Is self-defense biblical? We live in a world where, unfortunately, some of our fellow men and women seek to do harm to innocents. Whether it’s in the name of wealth through thievery or just plain nefarious behavior against innocents, such things do happen. But would Jesus approve of owning a weapon for self-defense, and what does He say about it in the Bible? Let’s take a look at the biblical perspective on the issue.
When examining both the New Testament and the Old Testament alike (which you can read online at no cost), we first must understand that the weapons being discussed were what the military and citizens designated to be the most effective weapons at that time. In the cases we will be discussing, we’ll be examining the use of swords. Weapons that were utilized as the most proficient at the time, much like the firearms of today. It is Mark 13:7, in addition to verses like James 4:1, that first explain that warfare and physical conflict is an inevitable fact of living on the Earth — where free will and the very nature of man often leads to transgression.
Another important thing to consider is that as Christians we have certain responsibilities to protect others as well as our selves. 1 Corinthians 6:19 explains how our bodies are ‘temples’ of the Holy Ghost, which is the gift of God received along with salvation through grace (Romans 10:13):
“What? know ye not that your body is the temple of the Holy Ghost which is in you, which ye have of God, and ye are not your own?”
But Is Self-Defense Biblical?
Sometimes in order to protect others, particularly innocents and the weak, physical force must be utilized. If a thief enters your home with a weapon and intends to kill your entire family, the thief is most certainly opening themselves up to a righteous form of self-defense. It is in this view we begin to see how a gun can actually allow an individual to protect themselves and their family against a thief as opposed to being disarmed in this event.
Perhaps the most compelling example of this is when God actually called upon David to defend the innocents and weak inside Israel from the notorious Goliath. God enabled David to end the life of the destructive Goliath using physical force, killing Goliath and Philistines in a defensive move to defend Israel. But there’s more to the story.
Today death (self-defense or not) is so prevalent throughout both real life circumstances involving crimes and warfare as well as the media that it is not seen as much of a big deal. God sees death as a big deal, even in the case of David. While David did not go against God in his actions (at least with Goliath), partaking in much bloodshed was still seen as a serious act in the sight of God.
In fact, we read in 1 Chronicles 28:3 that God tells David not to build a house for God after David has shed so much blood:
“But God said unto me, Thou shalt not build an house for my name, because thou hast been a man of war, and hast shed blood.”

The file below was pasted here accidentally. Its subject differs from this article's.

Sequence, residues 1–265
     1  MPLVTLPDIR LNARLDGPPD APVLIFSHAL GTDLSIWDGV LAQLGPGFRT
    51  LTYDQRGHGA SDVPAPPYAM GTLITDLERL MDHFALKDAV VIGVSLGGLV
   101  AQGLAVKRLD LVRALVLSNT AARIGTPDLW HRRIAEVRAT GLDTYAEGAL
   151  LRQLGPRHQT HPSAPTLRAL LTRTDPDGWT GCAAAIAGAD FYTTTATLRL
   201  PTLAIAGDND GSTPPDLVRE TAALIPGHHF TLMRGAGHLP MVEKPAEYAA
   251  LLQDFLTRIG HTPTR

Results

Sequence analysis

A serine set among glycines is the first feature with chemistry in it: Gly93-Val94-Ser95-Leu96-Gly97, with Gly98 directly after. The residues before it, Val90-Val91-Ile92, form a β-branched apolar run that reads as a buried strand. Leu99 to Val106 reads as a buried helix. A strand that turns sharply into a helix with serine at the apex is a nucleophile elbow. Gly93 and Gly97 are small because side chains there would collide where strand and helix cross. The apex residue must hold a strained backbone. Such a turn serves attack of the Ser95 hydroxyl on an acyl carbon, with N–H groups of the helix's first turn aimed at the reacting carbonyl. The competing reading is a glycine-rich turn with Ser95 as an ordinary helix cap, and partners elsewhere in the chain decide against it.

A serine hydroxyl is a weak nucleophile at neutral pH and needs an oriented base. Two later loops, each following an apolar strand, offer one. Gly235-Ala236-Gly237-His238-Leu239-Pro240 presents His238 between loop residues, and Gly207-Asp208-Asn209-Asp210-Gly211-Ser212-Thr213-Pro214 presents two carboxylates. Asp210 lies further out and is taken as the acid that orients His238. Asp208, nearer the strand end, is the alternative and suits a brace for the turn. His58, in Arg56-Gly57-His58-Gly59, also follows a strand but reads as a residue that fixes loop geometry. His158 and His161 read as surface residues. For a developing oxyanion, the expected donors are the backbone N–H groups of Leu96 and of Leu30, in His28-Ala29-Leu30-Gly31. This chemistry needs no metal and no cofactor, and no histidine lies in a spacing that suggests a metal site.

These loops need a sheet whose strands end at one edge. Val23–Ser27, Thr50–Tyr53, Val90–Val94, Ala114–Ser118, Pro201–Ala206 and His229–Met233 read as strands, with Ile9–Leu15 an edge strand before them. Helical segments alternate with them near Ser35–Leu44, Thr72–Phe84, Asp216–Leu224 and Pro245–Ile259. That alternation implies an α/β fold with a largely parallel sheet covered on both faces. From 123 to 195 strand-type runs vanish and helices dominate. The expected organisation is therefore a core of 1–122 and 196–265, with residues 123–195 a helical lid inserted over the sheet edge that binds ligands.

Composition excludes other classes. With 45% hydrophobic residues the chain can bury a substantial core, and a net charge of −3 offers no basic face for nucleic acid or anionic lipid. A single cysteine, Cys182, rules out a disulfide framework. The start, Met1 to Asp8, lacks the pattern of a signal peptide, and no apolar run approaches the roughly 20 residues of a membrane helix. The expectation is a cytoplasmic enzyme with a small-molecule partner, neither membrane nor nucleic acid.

The key here is that ending lives is a very serious thing in God’s eyes. It’s also important to understand the real difference between murder and self-defense. The Bible states that protecting against a thief as he breaks in your home is far different than tracking him down the next day and finishing the job.
Self-Defense Verses Murder
Now in the Bible we actually find many instances in which weapons are used, but it’s important to distinguish on which occasions these weapons were used under the right circumstances. Using and carrying a weapon for self-defense is never openly condemned in the Bible, but instead there are times in which verses discuss defense in a positive light. But once again, it’s important to emphasize the defense portion of the subject. For example, we find this in the book of Exodus.
I always prefer and recommend reading the King James Version (KJV) of the Bible, however in the circumstance of this verse I think a new translation makes it more apparent as to what the verse is saying. We read in Exodus 22:2-3 below:
“If a thief is caught breaking in at night and is struck a fatal blow, the defender is not guilty of bloodshed; but if it happens after sunrise, the defender is guilty of bloodshed.”
So what does this mean? At first it may be hard to break down, particularly when reading the direct translation, but ultimately the experts I’ve spoken to agree that it is concerning self-defense in a home break-in scenario and how to address the situation. In the verse, the thief is breaking in at night and is killed by the property owner — the method of which being one that is not specified but simply ‘fatal’. In this circumstance, the property owner is simply defending the property, himself, and perhaps his family. The man is labeled as a ‘defender’, indicating that his act was in defense.
But what does it mean that if it happens after sunrise, during the daytime, he is guilty of bloodshed? This part of the verse addresses what would be known as revenge killing. Instead of addressing the thief through another means, such as what modern times would be calling the police for an investigation or something similar, the man goes out and kills the thief with a fatal blow. This is indicated as an act that warrants guilt of bloodshed. In other words, this is not acting within what appears to be the acceptable area of defense.